They wore these things to Drai's, Teddy's, Bordeaux, Avalon, the Echoplex. Then the girls at Roosevelt started wearing them. The effect became almost Pavlovian: The bouncers would see the pack coming down the street in their animal hoods and immediately let them in, and soon the furry hoods became a kind of VIP pass.

“None of us like to party. We just sacrificed,” says Mendeluk, drawing peals of laughter from the boys.

One night, the pack went to a party at Lindsay Lohan's house. Mendeluk snuck into her closet and pulled on her sequined tights while wearing his leopard Spirit Hood and regaled the crowd. Soon, Lohan started wearing the leopard hood and was photographed doing so.

“There was an obvious impact on our sales,” Hamilton says.

Then actress Vanessa Hudgens was photographed wearing one. Her photo ran in the tabloid weeklies, where writers from Conan O'Brien's show saw it. They wrote the hood into a segment. Hudgens brought one on the show — a white husky — as a prank gift for O'Brien, who promptly put it on and prowled around atop his desk. “Did you kill an Ewok?” he asked.

The day after that, the Spirit Hoods website got 17,000 hits.

The Spirit Hoods found the perfect breeding ground in L.A., with its abundance of artists, actors, models and musicians — people who aren't afraid to wear their inner animal on their head, for whom the line between ridiculous and renegade is usually blurry.

“If we'd tried to launch in New York, we'd have gotten shot,” Mendeluk says. “The West Coast is more open.”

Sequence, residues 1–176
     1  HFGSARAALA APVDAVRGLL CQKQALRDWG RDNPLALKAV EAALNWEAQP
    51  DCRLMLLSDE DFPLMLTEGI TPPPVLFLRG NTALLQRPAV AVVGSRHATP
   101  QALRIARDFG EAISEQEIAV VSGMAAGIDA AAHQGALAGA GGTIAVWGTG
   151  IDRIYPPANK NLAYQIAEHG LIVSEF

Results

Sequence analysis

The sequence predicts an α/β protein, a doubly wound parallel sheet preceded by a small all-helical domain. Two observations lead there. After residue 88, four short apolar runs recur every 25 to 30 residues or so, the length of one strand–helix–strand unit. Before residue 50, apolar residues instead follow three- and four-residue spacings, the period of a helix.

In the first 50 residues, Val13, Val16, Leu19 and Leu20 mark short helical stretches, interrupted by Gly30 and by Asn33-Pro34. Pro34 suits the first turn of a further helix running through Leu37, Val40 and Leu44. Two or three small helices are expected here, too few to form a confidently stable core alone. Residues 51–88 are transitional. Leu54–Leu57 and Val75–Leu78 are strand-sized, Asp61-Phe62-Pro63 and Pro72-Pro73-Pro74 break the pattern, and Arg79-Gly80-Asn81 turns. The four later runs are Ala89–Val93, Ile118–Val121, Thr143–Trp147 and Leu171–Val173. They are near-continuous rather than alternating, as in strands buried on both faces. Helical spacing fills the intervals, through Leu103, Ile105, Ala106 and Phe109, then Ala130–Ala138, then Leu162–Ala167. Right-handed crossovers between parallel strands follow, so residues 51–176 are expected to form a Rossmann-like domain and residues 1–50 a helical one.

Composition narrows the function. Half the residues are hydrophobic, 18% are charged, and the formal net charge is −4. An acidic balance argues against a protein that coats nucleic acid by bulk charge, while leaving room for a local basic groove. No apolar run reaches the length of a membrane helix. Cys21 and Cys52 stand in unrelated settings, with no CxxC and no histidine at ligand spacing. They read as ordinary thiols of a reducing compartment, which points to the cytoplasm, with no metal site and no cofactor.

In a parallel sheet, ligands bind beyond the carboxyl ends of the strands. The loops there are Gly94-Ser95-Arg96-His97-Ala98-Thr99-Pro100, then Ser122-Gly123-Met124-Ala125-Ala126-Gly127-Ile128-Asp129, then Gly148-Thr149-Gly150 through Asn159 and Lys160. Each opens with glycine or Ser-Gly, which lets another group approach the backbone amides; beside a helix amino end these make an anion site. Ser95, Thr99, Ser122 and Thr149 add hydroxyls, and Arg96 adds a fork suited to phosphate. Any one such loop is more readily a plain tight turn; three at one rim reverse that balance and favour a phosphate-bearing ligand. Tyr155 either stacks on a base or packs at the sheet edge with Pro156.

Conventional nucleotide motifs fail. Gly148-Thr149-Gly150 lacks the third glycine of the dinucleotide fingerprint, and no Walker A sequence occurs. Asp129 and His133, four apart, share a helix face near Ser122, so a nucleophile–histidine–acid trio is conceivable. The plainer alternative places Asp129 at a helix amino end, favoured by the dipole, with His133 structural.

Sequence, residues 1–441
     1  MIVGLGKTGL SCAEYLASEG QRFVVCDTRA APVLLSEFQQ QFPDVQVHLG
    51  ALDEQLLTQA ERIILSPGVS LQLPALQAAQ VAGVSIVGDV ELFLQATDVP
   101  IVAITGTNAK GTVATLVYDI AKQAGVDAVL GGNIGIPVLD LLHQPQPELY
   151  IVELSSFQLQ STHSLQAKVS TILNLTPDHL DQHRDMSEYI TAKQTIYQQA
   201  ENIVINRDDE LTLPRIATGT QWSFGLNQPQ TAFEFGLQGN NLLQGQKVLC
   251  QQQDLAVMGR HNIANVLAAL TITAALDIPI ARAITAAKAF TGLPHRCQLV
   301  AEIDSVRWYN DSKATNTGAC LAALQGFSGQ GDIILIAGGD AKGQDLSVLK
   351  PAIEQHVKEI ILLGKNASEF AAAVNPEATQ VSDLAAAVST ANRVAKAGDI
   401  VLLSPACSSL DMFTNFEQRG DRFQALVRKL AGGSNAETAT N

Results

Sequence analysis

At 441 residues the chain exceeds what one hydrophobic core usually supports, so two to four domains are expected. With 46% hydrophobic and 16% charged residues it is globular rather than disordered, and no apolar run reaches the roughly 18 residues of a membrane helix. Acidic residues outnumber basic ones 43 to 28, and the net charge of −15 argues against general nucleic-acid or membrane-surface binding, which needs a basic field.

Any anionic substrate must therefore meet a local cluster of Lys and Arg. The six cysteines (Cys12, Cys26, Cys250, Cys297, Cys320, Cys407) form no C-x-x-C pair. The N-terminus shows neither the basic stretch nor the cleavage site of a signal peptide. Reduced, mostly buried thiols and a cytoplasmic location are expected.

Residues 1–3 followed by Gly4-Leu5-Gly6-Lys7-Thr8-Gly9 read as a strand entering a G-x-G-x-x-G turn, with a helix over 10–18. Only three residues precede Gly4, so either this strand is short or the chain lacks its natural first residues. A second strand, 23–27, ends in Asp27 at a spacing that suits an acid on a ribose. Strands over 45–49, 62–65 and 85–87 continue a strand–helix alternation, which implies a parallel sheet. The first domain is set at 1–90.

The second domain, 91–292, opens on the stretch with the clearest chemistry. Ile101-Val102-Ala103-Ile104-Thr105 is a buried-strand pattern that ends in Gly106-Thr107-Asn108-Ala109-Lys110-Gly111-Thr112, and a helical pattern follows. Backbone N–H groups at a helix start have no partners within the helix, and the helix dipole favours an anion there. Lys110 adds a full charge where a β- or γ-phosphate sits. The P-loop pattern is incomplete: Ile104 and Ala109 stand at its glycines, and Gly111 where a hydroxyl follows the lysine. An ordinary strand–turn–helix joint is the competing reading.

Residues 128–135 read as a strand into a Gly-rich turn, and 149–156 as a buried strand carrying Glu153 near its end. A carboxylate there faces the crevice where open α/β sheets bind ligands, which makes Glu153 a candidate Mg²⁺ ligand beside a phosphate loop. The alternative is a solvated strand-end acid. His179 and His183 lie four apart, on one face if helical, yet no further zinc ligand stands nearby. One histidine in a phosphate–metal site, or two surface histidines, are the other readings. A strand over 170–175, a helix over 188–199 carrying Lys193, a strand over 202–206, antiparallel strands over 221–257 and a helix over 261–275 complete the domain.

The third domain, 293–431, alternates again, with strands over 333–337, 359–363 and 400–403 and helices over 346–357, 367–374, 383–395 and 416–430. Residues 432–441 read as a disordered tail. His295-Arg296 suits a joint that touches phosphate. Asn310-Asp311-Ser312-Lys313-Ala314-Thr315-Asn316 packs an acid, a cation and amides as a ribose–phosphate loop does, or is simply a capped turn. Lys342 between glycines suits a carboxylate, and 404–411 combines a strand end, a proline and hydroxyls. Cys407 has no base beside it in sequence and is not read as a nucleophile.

“We were never trying to compete with the fashionistas or high fashion,” Haber says. “Our target is not super style-y but outdoorsy, adventurous. People who are into alternative sports. Animal lovers.”

For those who need an extra little push, there's a humanitarian aspect to the hoods. When someone buys a hood, a portion of the proceeds goes to save wolves or cheetahs or jaguars or whatever.

To date, there are some 30,000 hoods in the wild. The original gray wolf with black lining is still the most popular. Hikers wear them on climbs up Mount Kilimanjaro. Hipsters wear them to clubs. Cancer patients wear them when their hair falls out from chemotherapy. “We're not saying it's gonna cure cancer,” Marotta says.

“But it could,” Mendeluk finishes.

The Spirit Hood is no longer some freakish accessory that gets you beaten up at bars. It is a whole commercial enterprise of freakish accessories. Marotta no longer minds so much when people ask him what he does and he has to answer, “I make furry hoods and sell them.”

The hoods now come in some 30 styles, including a tiger with custom-printed fur. The hoods are carried at Fred Segal; Disney is collaborating on Kermit, Miss Piggy and Gonzo Spirit Hoods for the upcoming Muppets movie. They were approached by Urban Outfitters and Hot Topic; the latter eventually knocked off the hoods.

The boys have a large, industrial-chic loft office downtown with cute, sexy intern girls skulking around in tight pants and short skirts and furry panda and cat hoods.

The success of the hoods occasionally gives the boys pause. “It is weird,” Haber says. “I've spent my whole life trying to find somewhere to put my money without blowing it out my ass.”

“I mean, I came here to pursue acting,” Mendeluk says, scratching his head. “What the hell?”